A sociopath caught red-handed with a suitcase full of cash he just stole, for example, might declare he had actually rescued the money from being stolen by someone else, and that he was attempting to find its rightful owner. He's the hero, see? And yet, in reality, he will simply pocket the money and keep it. If you question him about the money, he will attack you for questioning his honesty.
Sociopaths are masters are presenting themselves as heroes with high morals and philosophy, yet underneath it they are the true criminal minds in society who steal, undermine, deceive, and often incite emotional chaos among entire communities. They are masters at turning one group of people against another group while proclaiming themselves to be the one true savior. Wherever they go, they create strife, argument and hatred, yet they utterly fail to see their own role in creating it. They are delusional at so many levels that their brains defy logical reasoning.
You cannot reason with a sociopath. Attempting to do so only wastes your time and annoys the sociopath.
Tip for exposing sociopaths: Start fact-checking something they claim
One simple method for dispelling sociopathic delusion is to start fact checking their claims. Do any of their claims actually check out? If you start digging, you will usually find a pattern of frequent inconsistencies. Confront the suspected sociopath with an inconsistency and see what happens: Most sociopaths will become angry or aggressive when their integrity is questioned, whereas a sane person would simply be happy to help clear up any misinformation or misunderstanding.
Beware of fact-checking the sociopath by asking other people under his or her influence. A sociopath will usually have a small group of cult-like followers who not only believe their fictional tales, but who actually internalize those fictions to the point where they rewrite their own memories to be consistent with them. If a guru-style sociopath talks about his "levitation sessions" over and over again, some of his believers will sooner or later start to form false memories in which they imagine seeing him levitate off the floor. So if you ask those people, "Did you actually ever see this person levitate?" They will enthusiastically say, "Yes!" Because in their own minds, that illusion has become something indistinguishable from a vivid memory.
Much the same thing is true with sociopathic politicians. If a particularly charismatic politician claims he has "created millions of jobs" even though his economic policies have actually destroyed jobs and caused widespread unemployment, his cult-like followers will repeat his lie and publicly proclaim how many jobs that person has created.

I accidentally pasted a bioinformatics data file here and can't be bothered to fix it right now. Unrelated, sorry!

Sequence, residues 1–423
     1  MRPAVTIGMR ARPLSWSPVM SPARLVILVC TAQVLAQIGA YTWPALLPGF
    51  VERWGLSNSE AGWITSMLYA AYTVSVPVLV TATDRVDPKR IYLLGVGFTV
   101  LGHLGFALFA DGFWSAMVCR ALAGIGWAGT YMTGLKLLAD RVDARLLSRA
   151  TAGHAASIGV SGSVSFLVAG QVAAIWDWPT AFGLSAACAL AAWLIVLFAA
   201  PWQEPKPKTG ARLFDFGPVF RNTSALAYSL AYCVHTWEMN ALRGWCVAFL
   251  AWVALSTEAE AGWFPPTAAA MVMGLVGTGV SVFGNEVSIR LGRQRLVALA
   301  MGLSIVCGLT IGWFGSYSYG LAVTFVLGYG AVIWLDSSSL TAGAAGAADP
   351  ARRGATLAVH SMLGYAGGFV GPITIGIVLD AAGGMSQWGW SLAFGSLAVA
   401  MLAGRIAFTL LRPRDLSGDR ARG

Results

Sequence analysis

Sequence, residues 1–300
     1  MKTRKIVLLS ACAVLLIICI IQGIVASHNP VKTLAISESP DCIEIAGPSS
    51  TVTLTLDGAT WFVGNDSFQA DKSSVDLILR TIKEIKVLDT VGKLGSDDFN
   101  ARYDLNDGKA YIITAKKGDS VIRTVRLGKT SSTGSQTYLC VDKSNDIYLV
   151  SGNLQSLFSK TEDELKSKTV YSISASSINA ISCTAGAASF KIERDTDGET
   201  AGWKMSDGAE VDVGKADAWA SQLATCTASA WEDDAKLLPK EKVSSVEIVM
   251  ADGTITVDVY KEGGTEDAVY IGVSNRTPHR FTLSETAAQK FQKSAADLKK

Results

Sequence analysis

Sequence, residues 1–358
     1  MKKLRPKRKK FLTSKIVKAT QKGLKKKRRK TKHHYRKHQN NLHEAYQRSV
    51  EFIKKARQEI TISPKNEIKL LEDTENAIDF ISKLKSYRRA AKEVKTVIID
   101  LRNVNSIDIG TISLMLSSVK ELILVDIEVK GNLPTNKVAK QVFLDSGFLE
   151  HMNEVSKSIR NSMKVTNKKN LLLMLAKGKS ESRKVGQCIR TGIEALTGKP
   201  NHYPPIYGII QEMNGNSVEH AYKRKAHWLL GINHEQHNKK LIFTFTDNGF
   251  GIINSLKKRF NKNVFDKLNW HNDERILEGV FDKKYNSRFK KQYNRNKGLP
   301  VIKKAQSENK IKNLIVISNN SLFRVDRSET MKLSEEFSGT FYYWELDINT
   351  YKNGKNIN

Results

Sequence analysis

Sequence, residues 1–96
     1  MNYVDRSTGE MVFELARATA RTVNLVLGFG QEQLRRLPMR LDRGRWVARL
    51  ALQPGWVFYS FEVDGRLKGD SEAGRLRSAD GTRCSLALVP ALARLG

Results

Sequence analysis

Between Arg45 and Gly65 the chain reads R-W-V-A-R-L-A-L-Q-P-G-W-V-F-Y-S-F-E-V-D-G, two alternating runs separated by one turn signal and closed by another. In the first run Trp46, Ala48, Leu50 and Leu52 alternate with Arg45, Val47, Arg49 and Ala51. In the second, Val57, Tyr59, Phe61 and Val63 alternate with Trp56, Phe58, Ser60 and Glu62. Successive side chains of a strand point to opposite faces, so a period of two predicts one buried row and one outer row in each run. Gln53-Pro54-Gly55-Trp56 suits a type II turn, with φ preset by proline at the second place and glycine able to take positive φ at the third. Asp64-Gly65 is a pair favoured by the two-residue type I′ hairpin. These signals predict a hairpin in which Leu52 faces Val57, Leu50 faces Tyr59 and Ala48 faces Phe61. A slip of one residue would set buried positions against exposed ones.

That's why fact-checking a sociopath requires evidence from outside his circle of influence. Does anything he say actually check out in the real world, outside his sphere of direct control? If not, you've probably spotted a sociopath.
Sociopaths never answer facts; they always attack the messenger
Another very valuable red flag to recognize when trying to spot a sociopath is to see how they deal with attacks on their own integrity. If a sociopath is presented with a collection of facts, documents and evidence showing that he lied or deceived, he will refuse to address the evidence and, instead, attack the messenger!
If you really try to nail a sociopath down to answering a documented allegation, they will quickly turn on you, denounce you, and declare that you too are secretly plotting against them. Anyone who does not fall for the brainwashing of the sociopath is sooner or later kicked out of the circle and then wildly disparaged by the remaining members of the cult group.
Inventing bizarre tales
One of the easiest signs to spot is how sociopaths exaggerate things to an irrational absurdity. In the sociopath's world, every explanation is more intense and more heroic-sounding than the way it really went down. Where a normal person might say, "I vomited last night," a sociopath would say, "I vomited up a 27-foot tapeworm!"
And a truly psychotic sociopath might even add details such as, "And then the tapeworm climbed up the wall and jumped on me and tried to strangle me!"
You might laugh at such an explanation, but I know lots of similar examples that have been believed by irrational cult followers. In fact, this example was patterned off of a real live person who had attracted quite a cult following in a particularly odd, fringe corner of dietary fads. (He also teaches his cult followers to eat rotten, putrefied meat as a form of medicine.)